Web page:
A Year with the Turks ; or Sketches of Travel in the European and Asiatic Dominions of the Sultan. By Warington W. Smyth, M.A. The Unity of the _Yew Testament : a Synopsis of the first three Gospels
and of the Epistles of St. James, St. Jude, St. Peter, and St. Paul.
By Frederick .Denison Maurice, M.A., Chaplain of Lincoln's Inn. ..41aude Talbot. By Holme Lee. In three volumes.
The Encyclopedia Britannica ; or Dictionary of Arts, Sciences, and
General Literature. Eighth edition. With extensive improvements
and additions; and numerous Engravings. Volumes III, and IV. [In a time of less pressure these volumes, albeit an eighth edition, would justify a fuller notice than can at this season be bestowed upon them ; for they teem with important subjects by eminent writers. The third volume opens with an elaborate article on "Anatomy," the fourth closes with "Bolivia." Galloway, Playfair, Henderson, and Main have contributed their knowledge and power to "Astronomy." Doctors Browne and Schmitz handle "Athens" and "Attica." Emerie Szabad brings the power of selecting and presenting the leading events and circumstances in the history of a country to the exhibition of "Austria," which he lately displayed in his volume on Hungary. Macaulay has a notice of "Atterbury," more measured than is his wont. Mr. Burton, the biographer of Hume and his- torian of Scotland, undertakes "Ballot," "Bankruptcy," and "Jeremy Bentham." Mr. Graham contributes a notice of" Beethoven." We might fill a column with names and subjects ; but let a word be said on a point where mistakes are often made, that is scale. The plan of adapting the length of the papers less to the nature of the work than the material readily at hand seems to have been rigidly avoided in the volumes before us ; and though some readers may occasionally be disappointed on turning to a striking subject by a well-known hand and finding it treated curtly, this is in reality a proof of presiding judgment.]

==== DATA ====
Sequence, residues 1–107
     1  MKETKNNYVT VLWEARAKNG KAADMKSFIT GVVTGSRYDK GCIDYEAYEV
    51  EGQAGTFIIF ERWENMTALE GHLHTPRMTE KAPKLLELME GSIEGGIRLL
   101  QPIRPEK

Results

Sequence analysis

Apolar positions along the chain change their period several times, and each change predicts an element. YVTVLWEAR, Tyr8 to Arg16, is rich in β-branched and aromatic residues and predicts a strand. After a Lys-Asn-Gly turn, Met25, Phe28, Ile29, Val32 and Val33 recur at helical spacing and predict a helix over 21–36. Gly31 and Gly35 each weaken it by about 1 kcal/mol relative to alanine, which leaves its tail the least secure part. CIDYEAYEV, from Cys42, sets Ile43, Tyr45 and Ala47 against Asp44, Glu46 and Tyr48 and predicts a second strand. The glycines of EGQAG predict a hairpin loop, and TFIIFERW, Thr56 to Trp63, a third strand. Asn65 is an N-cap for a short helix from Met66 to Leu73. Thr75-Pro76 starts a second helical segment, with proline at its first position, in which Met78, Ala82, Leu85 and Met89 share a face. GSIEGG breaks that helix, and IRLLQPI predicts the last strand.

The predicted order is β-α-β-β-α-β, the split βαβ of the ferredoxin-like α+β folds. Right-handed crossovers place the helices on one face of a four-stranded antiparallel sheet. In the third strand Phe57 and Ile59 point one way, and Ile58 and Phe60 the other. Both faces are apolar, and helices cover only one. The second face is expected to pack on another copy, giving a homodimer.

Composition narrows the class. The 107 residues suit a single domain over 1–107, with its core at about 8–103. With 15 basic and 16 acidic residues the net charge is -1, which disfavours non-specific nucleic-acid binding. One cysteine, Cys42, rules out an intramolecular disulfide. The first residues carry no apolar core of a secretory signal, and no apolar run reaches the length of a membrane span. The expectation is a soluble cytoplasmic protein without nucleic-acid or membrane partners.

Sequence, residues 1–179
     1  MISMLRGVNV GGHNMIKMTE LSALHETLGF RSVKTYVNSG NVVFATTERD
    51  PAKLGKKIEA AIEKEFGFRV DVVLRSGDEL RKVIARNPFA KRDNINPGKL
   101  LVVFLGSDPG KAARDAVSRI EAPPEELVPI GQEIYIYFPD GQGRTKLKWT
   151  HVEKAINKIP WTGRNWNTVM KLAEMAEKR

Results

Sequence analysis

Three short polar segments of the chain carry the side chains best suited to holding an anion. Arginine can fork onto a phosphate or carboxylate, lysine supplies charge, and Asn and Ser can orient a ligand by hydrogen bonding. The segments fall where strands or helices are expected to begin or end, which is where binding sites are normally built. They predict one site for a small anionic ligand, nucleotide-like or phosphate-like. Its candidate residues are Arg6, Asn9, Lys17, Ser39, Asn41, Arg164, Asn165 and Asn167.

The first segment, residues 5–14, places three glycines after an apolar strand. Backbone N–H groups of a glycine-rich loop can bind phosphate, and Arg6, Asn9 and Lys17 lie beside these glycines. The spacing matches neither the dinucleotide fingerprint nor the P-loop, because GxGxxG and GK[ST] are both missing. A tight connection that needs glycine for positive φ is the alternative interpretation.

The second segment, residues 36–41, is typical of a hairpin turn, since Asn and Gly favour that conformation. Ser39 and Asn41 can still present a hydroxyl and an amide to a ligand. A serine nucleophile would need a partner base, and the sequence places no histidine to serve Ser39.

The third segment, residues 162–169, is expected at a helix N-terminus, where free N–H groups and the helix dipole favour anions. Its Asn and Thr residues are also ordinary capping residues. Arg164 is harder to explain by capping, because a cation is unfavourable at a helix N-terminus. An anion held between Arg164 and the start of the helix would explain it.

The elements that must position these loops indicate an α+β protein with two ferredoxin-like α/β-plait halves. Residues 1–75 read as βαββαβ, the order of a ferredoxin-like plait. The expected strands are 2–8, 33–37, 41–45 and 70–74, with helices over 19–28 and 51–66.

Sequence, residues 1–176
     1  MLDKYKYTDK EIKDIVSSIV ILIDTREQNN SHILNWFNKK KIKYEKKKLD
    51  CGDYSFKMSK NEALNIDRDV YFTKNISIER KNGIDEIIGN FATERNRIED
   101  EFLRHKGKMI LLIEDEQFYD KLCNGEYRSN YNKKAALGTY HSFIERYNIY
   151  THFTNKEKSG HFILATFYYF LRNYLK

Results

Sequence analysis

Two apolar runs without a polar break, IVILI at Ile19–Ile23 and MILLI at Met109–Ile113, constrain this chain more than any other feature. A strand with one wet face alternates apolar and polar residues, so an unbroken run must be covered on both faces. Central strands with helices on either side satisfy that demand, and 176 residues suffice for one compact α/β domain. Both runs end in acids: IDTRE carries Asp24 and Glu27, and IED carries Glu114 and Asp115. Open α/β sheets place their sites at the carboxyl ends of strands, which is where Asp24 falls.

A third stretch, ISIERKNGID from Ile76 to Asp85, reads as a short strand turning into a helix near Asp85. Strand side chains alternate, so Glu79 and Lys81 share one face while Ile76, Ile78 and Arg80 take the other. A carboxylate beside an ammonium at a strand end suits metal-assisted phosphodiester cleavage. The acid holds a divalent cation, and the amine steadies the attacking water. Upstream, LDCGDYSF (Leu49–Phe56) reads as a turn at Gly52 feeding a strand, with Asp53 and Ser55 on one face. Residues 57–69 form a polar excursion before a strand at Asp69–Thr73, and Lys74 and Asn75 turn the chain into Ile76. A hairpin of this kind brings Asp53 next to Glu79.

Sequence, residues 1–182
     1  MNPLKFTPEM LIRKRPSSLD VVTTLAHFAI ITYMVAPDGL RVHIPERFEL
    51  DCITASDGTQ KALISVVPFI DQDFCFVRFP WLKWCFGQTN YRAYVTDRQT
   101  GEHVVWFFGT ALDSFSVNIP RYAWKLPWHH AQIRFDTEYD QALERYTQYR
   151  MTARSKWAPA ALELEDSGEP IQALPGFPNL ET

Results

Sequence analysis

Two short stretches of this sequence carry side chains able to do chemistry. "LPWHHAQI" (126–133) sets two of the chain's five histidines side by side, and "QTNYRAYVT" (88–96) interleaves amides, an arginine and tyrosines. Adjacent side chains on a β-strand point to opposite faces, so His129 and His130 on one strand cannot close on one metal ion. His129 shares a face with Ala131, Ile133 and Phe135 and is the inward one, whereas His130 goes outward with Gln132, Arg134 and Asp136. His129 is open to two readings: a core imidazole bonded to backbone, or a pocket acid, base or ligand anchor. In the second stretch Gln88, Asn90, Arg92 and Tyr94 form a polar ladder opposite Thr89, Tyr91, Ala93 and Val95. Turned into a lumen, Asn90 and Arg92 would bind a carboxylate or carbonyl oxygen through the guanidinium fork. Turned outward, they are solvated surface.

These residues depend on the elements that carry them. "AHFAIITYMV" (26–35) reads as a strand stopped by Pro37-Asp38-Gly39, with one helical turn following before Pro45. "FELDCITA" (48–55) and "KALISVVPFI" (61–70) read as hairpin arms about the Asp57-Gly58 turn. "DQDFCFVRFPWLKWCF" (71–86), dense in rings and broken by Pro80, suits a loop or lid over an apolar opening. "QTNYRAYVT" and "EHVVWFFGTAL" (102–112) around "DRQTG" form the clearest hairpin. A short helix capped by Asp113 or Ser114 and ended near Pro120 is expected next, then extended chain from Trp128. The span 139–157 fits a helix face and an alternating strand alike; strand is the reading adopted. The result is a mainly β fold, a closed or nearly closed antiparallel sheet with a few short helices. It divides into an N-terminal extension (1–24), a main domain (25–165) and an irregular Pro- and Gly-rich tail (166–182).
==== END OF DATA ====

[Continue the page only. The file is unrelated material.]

Contributions to Literature, Historical, Antiquarian, and iletrkal. By Mark Antony Lower, M.A., F.S.A., &c.